TX2-compatible gaming racing steering wheel & pedals?

For an automotive application, I’d like to connect a steering wheel and set of pedals to my Jetson TX2, probably via USB (but maybe Bluetooth), so that I can “drive” my virtual car. Most racing wheels for gaming these days seem to offer force feedback, which I don’t need particularly, but I guess it could be nice if it works, or at least doesn’t do anything distracting and strange.

I’ve got slightly mixed messages searching the web for Ubuntu 16.04 supported racing wheels in general, and haven’t found anything about Jetson use at all. Apologies if this has been asked before and I failed to find it here.

Does anyone have any recommendations for a wheel + pedals set that is known to work with Jetson TX2, and/or any tips on additional setup or utilities required to be able to access the control states in my own program?

I did find this about a Linux utility for interfacing with Logitech wheels: https://steamcommunity.com/sharedfiles/filedetails/?id=142372419

Thanks in advance for any leads!

The USB gamepad/joystick/HID drivers in Ubuntu generally support most modern wheels/pedals, because they are by and large vanilla “HID” devices.

However, you may need to look them up and enable them in the kernel configuration file (make menuconfig) and re-build the kernel/modules and re-flash the board to actually enable them.

If you really want to know, buy from Amazon or another store with a good return policy, or take your laptop to Best Buy or a similar store and test actual-ubuntu with the actual-device.

Thanks snarky – I’ll bear in mind your tips about having to enable support in the kernel.

I’ve gambled now that the Logitech G27 is a good bet, though it’s only available second hand, based on that steamcommunity link I started with which said “Tested on… Ubuntu 13.04 (x86) Ubuntu 12.04 LTS (x64)”.

Its replacement, the G29 (or 920) sounds like it needs a kernel upgrade according to https://www.reddit.com/r/linux_gaming/comments/6j7qs5/how_is_steering_wheel_support_in_linux/ and http://burning-midnight.blogspot.co.uk/2017/11/logitech-g920-steering-wheel-on-linux.html . So I thought I was risking too much pain trying that, although it is cheaper new than the G27 is second hand on Amazon at least!

I’ll endeavour to report back here once I’ve got hold of the thing and tried it out, thanks again.

I promised I would report back, so here goes. I bought a second-hand Logitech G27 because of the reports in some places that the newer G29 (aka 920) wouldn’t work with kernel version 4.4, but that might have been unnecessary. It would have been cheaper to buy a new G29. Also the gear shifter didn’t work in my particular G27 (even under Windows) unfortunately. I dare say the G29 might have worked.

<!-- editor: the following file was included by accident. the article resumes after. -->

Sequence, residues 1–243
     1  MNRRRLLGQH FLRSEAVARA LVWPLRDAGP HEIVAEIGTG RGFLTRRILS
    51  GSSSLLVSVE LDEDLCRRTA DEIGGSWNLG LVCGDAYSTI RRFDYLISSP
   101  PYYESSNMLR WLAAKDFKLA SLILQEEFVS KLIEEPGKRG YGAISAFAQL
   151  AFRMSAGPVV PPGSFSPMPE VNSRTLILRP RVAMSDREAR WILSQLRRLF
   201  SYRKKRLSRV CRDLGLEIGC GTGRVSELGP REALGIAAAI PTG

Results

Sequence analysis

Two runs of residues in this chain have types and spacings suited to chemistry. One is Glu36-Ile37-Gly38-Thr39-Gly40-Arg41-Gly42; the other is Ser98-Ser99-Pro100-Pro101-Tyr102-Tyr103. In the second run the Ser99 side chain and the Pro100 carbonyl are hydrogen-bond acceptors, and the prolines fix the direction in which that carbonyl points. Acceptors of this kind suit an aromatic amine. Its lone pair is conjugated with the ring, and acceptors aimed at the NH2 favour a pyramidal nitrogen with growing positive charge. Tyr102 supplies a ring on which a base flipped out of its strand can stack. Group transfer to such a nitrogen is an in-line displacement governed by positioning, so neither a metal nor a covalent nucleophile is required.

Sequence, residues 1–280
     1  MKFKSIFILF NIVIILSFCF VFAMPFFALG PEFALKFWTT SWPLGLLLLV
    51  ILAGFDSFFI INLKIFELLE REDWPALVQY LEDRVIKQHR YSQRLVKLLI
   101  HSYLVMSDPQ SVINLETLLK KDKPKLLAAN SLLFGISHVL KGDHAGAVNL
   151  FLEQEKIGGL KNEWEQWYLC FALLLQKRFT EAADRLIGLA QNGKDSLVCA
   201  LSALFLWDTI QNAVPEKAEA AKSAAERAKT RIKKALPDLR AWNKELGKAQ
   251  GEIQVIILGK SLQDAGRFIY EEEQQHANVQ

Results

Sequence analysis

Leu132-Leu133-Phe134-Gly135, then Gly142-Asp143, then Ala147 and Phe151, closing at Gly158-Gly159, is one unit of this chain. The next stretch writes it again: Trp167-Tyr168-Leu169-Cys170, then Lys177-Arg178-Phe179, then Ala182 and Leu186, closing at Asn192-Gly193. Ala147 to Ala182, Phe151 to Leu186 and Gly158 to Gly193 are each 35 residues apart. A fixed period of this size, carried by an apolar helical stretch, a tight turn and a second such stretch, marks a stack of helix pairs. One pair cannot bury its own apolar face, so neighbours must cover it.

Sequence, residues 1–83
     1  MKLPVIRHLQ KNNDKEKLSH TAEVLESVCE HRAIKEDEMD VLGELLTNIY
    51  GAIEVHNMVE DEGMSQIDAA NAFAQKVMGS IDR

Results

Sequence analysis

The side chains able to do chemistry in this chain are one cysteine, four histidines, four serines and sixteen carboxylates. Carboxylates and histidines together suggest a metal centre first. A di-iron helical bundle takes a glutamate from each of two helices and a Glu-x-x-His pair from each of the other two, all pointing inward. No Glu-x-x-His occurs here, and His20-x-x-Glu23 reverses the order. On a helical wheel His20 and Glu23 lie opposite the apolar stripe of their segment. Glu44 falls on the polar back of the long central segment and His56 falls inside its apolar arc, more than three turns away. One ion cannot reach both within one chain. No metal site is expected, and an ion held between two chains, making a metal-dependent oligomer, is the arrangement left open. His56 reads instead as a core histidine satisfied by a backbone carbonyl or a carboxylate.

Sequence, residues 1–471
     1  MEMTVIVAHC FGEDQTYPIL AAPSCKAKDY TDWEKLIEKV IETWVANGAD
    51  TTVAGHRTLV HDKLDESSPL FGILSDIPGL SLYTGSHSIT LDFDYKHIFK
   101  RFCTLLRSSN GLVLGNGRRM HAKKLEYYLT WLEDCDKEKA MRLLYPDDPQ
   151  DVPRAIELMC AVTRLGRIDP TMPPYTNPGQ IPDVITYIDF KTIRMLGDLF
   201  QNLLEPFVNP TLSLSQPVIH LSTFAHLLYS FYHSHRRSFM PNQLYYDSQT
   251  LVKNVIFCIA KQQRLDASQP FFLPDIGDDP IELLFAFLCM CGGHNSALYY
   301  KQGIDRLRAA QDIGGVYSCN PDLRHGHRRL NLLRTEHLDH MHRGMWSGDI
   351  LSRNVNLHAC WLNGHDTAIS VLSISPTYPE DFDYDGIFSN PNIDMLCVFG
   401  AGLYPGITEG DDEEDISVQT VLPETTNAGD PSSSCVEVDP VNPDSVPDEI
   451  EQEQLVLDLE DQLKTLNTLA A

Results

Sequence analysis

So on my Jetson TX2 with JetPack 3.2, here’s what worked and didn’t work:

o I didn’t make any kernel changes

o fftest didn’t work except for a tiny nudge when I did:
$ sudo fftest /dev/input/event5

o ffmvforce didn’t seem to do anything

o The ltwheelconfig utility from https://github.com/TripleSpeeder/LTWheelConf:

  1. $ sudo apt-get install libusb-1.0.0-dev (and non -dev version?) required to build
  2. Had to move -l$(LIBS) to end of gcc line in Makefile
  3. Trying to use --autocentre command didn’t work, nothing happened
  4. Doing reset command did turn on force autocentering on the wheel! Like this:
    $ ./ltwheelconfig --wheel G27 –x

o Very useful example code from https://gist.github.com/rdb/8864666 showed me (in Python) how to read /dev/input/js0, which helped me enumerate which axes (continuous analogue inputs) and buttons (digital inputs) mapped to what with my wheel. Then I could write my own C++ code which read from /dev/input/js0 to read those inputs successfully in the same way.

o Useful documentation on the events generated by wheel movement (and synthetic events created initially on first opening the device) at https://www.kernel.org/doc/Documentation/input/joystick-api.txt

o ffcfstress utility did work, making my wheel turn backwards and forwards – so I found the source code for that invaluable in understanding how I could make my wheel turn (with autocentering turned off, to avoid a fight between two types of force regime).
$ sudo ffcfstress /dev/input/event5

o Sometimes my wheel wouldn’t turn when my program asked a force to be applied, for no obvious reason. I think it became reliable when I changed the setting in source code I based on ffcfstress to:
stop_and_play = 1
so that it cancelled the previous “effect” each time I wanted the force updated.

Hope that’s useful to anyone working with a steering wheel in future.

Great! Thanks for sharing.